Mayor Bill de Blasio's rejection of a City Council plan to hire more cops indicates that -- at least in his mind -- New York City has entered a new, post-crime era.
For the first time in 20 years, public safety is not the first priority of an NYC mayor.
". . . The fact is that, thank God, the NYPD is achieving what it is achieving with the resources it has now," de Blasio said last week, explaining why he was not hiring the additional 1,000 officers council members have proposed in City Hall's annual public safety waltz.
While the mayor said the city doesn't need the additional cops, crime remains on the minds of many New Yorkers. One of them is Public Advocate Letitia James.
James, one of the more strident voices opposing former Commissioner Ray Kelly's overuse of stop-and-frisk, now wants more police. "The New York Times and the mayor have not taken into consideration the crime increases in the outer boroughs and in city housing projects, where crime is up 31 percent," she said last week.
De Blasio's priorities also reflect a 180-degree turn from those of NYPD Commissioner Bill Bratton's first boss, Rudy Giuliani. Giuliani spent most of his time -- and lots of city money -- on reducing crime, which seemed out of control when he took office. He brought in Bratton as police commissioner, who nearly halved the annual 2,000-plus homicides under Giuliani's predecessor, David Dinkins.
Then, the police department was at the center of New York City's universe. So was Bratton, who received so much attention that Giuliani fired him after just two years on the job.
Returning as police commissioner after 20 years, Bratton now finds himself in a different position than in 1994. He seems aware that some people in de Blasio's administration don't like his aggressive policing. De Blasio ran for mayor on a platform of reining in police abuses. At times, Bratton appears to get caught between his police instincts and his desire to bring his words and deeds in line with those of City Hall.
When the debate over hiring began, Bratton said no commissioner would decline more officers. He soon altered that, saying the 34,000-officer force -- 6,000 fewer than under Giuliani -- was enough to do the job.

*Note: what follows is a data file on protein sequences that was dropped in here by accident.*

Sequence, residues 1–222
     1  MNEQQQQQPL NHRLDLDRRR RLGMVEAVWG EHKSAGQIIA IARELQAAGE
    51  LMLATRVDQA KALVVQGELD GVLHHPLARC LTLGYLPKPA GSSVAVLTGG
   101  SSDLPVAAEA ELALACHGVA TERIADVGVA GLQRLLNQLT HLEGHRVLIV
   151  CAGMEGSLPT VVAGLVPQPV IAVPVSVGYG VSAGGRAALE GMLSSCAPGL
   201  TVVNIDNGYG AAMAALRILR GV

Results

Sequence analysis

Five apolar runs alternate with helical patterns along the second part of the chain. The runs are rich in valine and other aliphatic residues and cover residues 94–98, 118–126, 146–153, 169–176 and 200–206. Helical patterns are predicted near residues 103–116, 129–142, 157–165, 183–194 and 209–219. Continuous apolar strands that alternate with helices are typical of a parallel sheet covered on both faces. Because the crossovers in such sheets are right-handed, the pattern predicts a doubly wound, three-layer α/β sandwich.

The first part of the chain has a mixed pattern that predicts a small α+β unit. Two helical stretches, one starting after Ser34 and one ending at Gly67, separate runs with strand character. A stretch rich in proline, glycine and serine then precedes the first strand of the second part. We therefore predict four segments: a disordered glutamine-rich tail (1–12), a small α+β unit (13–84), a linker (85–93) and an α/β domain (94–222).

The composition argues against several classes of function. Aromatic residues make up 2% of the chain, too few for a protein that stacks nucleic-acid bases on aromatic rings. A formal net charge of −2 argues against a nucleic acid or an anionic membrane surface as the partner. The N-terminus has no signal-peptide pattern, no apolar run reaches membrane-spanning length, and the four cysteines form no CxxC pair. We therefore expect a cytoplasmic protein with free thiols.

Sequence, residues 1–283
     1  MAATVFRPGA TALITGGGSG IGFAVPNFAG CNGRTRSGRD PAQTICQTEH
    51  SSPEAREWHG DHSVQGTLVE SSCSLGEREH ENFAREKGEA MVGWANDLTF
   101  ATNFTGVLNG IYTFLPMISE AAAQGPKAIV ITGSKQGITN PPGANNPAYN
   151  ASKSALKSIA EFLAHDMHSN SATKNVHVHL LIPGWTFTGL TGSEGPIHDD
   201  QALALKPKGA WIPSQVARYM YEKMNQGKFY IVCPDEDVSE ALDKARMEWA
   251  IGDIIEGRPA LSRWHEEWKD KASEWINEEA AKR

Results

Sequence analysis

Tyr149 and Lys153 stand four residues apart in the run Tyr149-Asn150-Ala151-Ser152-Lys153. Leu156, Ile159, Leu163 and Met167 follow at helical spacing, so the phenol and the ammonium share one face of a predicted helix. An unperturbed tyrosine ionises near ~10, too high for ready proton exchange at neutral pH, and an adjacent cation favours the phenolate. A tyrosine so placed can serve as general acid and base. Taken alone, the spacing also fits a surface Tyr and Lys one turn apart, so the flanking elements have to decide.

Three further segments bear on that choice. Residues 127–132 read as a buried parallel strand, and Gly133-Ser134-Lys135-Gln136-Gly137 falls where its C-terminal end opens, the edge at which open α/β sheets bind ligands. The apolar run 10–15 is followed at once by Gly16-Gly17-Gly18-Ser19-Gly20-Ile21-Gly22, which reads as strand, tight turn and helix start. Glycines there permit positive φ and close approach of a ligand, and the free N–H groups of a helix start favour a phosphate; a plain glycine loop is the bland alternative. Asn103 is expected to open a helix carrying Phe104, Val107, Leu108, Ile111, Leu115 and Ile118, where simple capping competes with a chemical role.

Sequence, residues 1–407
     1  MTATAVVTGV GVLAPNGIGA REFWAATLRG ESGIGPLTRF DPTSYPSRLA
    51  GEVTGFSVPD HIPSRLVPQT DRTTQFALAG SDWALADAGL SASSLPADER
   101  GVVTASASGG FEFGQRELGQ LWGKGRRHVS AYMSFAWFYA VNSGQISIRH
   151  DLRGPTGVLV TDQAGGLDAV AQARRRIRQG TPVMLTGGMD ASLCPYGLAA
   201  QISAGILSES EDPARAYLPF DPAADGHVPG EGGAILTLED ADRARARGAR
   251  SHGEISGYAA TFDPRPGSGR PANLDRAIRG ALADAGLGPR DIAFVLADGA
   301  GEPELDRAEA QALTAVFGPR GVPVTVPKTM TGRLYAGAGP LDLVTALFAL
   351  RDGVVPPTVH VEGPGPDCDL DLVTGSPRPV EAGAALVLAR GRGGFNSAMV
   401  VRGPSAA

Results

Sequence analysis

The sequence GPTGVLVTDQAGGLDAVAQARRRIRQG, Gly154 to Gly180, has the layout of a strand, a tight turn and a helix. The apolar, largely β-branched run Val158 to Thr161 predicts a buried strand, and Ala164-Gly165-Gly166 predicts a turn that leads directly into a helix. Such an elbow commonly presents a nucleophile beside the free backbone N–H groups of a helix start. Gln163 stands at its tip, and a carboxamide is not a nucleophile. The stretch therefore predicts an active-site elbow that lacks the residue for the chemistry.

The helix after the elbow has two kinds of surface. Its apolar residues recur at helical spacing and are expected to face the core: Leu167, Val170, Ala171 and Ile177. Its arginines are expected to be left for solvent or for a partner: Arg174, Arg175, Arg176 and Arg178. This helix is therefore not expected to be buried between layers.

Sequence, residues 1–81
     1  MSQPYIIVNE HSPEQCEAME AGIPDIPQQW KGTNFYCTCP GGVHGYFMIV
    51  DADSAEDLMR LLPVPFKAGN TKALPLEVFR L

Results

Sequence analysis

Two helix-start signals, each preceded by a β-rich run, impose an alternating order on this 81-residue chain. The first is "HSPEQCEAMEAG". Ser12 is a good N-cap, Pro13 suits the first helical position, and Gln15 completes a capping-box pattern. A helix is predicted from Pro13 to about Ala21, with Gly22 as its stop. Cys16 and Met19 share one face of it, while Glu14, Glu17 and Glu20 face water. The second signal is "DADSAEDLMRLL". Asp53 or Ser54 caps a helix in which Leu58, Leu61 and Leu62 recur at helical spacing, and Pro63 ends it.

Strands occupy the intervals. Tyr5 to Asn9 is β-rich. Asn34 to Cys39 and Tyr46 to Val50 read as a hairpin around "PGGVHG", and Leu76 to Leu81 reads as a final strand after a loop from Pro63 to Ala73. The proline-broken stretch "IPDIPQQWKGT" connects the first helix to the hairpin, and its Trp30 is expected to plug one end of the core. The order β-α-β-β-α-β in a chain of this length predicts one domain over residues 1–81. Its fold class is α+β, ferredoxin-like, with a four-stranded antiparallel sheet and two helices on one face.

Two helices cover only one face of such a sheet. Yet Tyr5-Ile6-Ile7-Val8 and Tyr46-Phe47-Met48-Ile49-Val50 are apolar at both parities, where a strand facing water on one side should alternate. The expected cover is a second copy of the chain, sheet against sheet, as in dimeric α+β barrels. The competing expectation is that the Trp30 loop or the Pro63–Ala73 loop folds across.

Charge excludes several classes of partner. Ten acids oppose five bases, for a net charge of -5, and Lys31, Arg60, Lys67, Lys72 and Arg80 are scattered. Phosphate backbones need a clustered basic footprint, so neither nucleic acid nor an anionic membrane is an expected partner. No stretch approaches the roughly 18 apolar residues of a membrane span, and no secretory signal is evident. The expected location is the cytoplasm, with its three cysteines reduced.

Similarly, he appears to be moderating his more aggressive policies. Earlier this year, he brought back as a consultant George Kelling, one of the authors of the "Broken Windows" theory, which holds that if minor crimes are not addressed, major crimes will follow. After Kelling toured the subways, Bratton promised a crackdown on subway panhandlers and acrobatic dancers. Since then, Bratton has toned down his rhetoric. Now, he says, the dancers could perform in "designated spaces," although not in subway cars.
Meanwhile, he finds himself in an increasingly ambivalent position as de Blasio supporters continue to criticize the police for past actions.
A group of mothers whose sons were killed by police over the past two decades wants the feds and the NYPD's inspector general to investigate what they say is a pattern of excessive force against young blacks and Latinos. But Bratton has said he's "comfortable that all of those cases are exhaustively investigated by us, by the appropriate district attorneys' offices."
This time around, Bratton also seems less hands-on than in his previous tenure as commissioner. He recently traveled to Florida, attended the White House correspondents' dinner in Washington and winged off to Israel with his counterterrorism chief, John Miller.
"There doesn't seem to be the same fire," says a former NYPD official, who spoke on condition of anonymity in addressing Bratton's tenure. "He's no longer inventing something that's never been done before. Time has proved that his methods work. There may not be the same drive to succeed. Now he's at the legacy stage."